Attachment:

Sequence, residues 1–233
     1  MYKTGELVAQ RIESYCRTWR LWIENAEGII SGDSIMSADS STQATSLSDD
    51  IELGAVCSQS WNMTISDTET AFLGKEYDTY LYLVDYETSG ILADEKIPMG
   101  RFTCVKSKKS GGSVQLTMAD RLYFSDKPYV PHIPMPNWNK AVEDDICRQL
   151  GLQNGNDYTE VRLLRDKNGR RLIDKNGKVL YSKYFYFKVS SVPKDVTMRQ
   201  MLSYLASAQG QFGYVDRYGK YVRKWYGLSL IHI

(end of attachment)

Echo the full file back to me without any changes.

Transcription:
Sequence, residues 1–233
     1  MYKTGELVAQ RIESYCRTWR LWIENAEGII SGDSIMSADS STQATSLSDD
    51  IELGAVCSQS WNMTISDTET AFLGKEYDTY LYLVDYETSG ILADEKIPMG
   101  RFTCVKSKKS GGSVQLTMAD RLYFSDKPYV PHIPMPNWNK AVEDDICRQL
   151  GLQNGNDYTE VRLLRDKNGR RLIDKNGKVL YSKYFYFKVS SVPKDVTMRQ
   201  MLSYLASAQG QFGYVDRYGK YVRKWYGLSL IHI